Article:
“My creator programmed me to smile like this.”
3:23 p.m. Tuesday, July 30
Will McAvoy [doing his best Michael Corleone]: “’Just when I thought I was out, they pull me back in.'”
Charlie Skinner: “Pacino in Cruising, right?”
That’s me imagining another movie chat between the two crusty compadres, like the amusing one that took place on Sunday’s episode, entitled “Willie Pete.” But it’s also me giving props to Aaron Sorkin & Co. for pulling me back in with a nimble, sure-footed hour just when I thought I had it with The Newsroom.
First off, let’s acknowledge the temporary absence of our own crusty compadre, Dave Kempa, who’s spending a week trying to get a sense of what it really means to be homeless on Sacramento’s tough streets while avoiding arrest or stabbing. First rule of embedded journalism? Don’t die.
It’s too bad, too, because I would have liked his take on the continuing RomneyBus subplot, which saw overqualified senior producer Jim Harper (John Gallagher Jr.) trying to wrest a single honest moment out of Mitt’s robotic flaks—and failing spectacularly.
Jim Harper: “Follow up?”
Flak 2: “Yes.”
Jim Harper: “Is there someone operating inside of you with controls?”
Frustrated by the parroted talking points, canned responses to canned questions, and his colleagues’ abdication of their journalistic duties to not feed the fraud of a modern-day “campaign,” the rumpled Jim tries to lead a bus-wide mutiny. It goes down like that scene in Jerry Maguire, where Renee Zellweger and a goldfish are the only ones to join the titular character’s very public, very embarrassing departure.
At least here, Jim got a cute feminist reporter and a sandwich-stealing schlub to get off the bus with him. Can’t wait to see where these misfits end up next. (I feel like Rick Perry’s bus would serve barbecued ribs, at least.)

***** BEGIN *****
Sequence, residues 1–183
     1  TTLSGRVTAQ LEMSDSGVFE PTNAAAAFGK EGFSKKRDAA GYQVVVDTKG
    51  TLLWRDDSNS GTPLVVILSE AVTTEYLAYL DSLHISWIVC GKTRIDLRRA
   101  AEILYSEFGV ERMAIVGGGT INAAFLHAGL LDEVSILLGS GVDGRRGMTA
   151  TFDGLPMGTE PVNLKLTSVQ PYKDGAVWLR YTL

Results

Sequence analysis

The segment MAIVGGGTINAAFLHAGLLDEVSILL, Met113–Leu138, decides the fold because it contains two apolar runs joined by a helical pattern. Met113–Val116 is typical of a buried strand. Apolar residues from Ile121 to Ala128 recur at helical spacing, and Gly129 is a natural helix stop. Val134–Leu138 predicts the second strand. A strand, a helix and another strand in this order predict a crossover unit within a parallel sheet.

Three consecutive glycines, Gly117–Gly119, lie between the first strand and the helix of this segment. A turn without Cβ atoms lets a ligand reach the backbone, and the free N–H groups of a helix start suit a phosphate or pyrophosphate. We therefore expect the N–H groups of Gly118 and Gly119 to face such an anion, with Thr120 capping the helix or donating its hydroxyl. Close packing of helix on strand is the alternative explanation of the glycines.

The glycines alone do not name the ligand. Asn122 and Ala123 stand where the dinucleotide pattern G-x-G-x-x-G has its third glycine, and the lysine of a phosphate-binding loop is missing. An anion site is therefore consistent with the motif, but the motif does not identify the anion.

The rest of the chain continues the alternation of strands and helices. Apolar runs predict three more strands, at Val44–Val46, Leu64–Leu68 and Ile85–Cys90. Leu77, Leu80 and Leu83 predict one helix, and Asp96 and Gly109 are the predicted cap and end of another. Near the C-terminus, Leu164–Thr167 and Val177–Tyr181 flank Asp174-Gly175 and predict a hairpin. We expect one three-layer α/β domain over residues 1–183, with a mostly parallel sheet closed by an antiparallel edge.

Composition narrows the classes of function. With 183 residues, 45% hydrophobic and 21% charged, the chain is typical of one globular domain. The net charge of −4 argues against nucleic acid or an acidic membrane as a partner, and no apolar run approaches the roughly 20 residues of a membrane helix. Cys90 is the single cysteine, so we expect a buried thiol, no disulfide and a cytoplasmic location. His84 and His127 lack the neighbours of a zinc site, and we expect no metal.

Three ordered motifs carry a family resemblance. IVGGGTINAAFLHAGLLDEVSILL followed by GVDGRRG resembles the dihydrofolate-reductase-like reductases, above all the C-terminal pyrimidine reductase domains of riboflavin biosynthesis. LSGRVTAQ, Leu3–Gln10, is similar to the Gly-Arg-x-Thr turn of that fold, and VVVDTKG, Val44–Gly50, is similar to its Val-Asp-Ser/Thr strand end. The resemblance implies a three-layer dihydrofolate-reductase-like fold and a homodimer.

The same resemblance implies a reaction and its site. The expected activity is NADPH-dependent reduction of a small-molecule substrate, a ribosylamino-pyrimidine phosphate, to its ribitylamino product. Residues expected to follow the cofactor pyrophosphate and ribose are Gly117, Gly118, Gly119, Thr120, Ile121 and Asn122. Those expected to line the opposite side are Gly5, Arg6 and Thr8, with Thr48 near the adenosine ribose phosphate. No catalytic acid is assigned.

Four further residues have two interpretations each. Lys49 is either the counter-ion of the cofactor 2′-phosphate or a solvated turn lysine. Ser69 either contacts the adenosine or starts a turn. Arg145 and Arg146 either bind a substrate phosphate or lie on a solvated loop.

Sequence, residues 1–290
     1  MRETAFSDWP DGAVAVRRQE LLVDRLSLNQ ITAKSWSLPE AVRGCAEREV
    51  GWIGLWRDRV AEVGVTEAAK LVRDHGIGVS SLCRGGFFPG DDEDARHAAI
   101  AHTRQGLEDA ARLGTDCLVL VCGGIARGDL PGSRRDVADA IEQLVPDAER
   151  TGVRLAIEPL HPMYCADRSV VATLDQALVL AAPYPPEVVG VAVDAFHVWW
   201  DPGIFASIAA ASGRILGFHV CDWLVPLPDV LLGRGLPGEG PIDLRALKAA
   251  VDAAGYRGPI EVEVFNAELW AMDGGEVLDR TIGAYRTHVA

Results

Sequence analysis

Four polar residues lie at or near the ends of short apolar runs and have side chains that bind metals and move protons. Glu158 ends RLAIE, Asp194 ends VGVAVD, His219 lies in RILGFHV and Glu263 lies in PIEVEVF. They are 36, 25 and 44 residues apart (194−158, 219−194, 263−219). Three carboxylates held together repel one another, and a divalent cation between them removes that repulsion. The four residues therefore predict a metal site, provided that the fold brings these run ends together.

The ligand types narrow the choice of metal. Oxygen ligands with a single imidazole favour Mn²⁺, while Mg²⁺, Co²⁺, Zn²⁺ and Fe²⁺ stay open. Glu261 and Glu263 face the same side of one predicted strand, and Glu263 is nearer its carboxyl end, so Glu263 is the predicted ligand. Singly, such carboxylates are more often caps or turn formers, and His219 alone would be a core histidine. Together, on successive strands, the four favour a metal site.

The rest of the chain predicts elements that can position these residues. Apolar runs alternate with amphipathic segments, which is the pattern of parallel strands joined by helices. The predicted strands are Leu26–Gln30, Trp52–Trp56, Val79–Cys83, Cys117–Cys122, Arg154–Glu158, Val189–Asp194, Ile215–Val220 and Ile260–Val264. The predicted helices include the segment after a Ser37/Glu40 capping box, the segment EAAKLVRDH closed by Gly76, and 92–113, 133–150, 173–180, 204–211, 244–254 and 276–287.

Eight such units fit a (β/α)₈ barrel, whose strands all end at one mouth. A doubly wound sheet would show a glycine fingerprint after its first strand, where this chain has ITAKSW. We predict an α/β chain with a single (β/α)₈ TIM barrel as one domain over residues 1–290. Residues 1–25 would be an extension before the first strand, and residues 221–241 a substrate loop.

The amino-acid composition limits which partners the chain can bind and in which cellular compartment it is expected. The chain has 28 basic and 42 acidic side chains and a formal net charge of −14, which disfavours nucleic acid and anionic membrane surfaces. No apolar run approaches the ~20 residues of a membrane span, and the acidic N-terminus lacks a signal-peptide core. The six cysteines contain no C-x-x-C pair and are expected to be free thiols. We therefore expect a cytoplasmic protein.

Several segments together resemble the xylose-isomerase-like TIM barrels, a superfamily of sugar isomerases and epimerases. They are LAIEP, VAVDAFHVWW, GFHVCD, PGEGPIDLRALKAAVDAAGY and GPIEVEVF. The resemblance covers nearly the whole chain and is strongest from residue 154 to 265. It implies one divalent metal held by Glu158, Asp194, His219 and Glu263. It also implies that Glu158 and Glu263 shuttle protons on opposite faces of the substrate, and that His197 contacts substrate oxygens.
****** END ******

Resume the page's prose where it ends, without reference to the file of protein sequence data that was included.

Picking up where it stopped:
I think the reason I enjoyed this episode so much was its light touch. Moral conviction without self-deprecation can feel so damn arrogant. But Jim’s irritability on the bizarro campaign trail, Maggie Jordan’s (Alison Pill) prescription pill freakout, Don Keefer (Thomas Sadoski) repeatedly falling out of his chair and Will forgetting his safe’s combination made everyone seem more likable.
Needing no such help is Charlie, The Newsroom's least necessary yet most appealing character. Credit veteran actor Sam Waterston, who seems to be having a ball playing the boozy news division president after so many years embodying dour crusaders like Will McAvoy.
Maybe that’s why the two characters’ scenes ring so true: Charlie sees in Will the unhappy grump he used to be. And even when he calls his favorite anchor “a dumbass” for screwing up their fumbling blackmail scheme, you know it’s with love.
-Anyone else feel bad for substitute senior producer (and Genoa obsessive) Jerry Dantana? Maybe it’s just because I’m such a fan of melancholic actor Hamish Linklater. If they ever remake Robert Altman’s The Long Goodbye (and they shouldn’t), they’ve got their Philip Marlowe.
-Props to Adam for calling out the dangling phone-hacking thread. Considering this was such a widespread media scandal—calling into question how Rupert Murdoch built his muckraking empire—what do we think of the plot being used mostly for comedic fodder?
-This episode offered a much-welcome respite to the Jim-Maggie relationship tango, only to revive the will-they-won’t-they between Will and executive producer Mackenzie McHale (Emily Mortimer). I actually didn’t mind this as much as I should, even though it’s essentially the exact same plotline. It helps that scalpel-sharp actress Hope Davis absolutely sold an otherwise tired romcom cliché as the third-wheel complication.
12:33 p.m. Wednesday, July 31